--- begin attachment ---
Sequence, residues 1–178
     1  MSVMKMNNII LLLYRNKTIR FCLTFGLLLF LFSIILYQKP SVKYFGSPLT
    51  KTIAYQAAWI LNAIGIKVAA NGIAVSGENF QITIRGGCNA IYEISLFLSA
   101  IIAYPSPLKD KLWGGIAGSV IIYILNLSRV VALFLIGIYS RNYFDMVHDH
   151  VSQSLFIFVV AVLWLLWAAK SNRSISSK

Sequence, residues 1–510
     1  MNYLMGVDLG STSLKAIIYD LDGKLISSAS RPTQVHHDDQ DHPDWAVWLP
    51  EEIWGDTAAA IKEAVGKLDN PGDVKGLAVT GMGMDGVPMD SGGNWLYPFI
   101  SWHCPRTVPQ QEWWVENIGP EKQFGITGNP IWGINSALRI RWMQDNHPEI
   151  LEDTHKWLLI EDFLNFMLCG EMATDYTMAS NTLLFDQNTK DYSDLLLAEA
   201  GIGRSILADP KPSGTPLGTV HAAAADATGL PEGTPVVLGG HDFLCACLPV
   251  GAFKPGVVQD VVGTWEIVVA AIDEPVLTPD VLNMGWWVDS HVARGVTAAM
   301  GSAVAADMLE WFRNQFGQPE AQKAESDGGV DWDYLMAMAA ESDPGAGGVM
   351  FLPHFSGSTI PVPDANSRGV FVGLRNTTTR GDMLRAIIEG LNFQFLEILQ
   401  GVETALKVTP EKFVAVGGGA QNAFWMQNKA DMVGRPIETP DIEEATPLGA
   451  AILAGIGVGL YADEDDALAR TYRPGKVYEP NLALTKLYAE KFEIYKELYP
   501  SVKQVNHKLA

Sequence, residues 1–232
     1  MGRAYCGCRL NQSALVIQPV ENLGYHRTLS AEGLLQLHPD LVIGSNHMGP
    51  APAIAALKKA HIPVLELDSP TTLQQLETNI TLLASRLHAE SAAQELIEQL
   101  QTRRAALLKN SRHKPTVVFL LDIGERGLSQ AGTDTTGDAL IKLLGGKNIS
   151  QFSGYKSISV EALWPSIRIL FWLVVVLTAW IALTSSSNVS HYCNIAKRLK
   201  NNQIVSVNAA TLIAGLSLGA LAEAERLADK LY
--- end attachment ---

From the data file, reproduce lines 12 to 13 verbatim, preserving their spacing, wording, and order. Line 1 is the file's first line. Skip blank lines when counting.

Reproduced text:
   251  GAFKPGVVQD VVGTWEIVVA AIDEPVLTPD VLNMGWWVDS HVARGVTAAM
   301  GSAVAADMLE WFRNQFGQPE AQKAESDGGV DWDYLMAMAA ESDPGAGGVM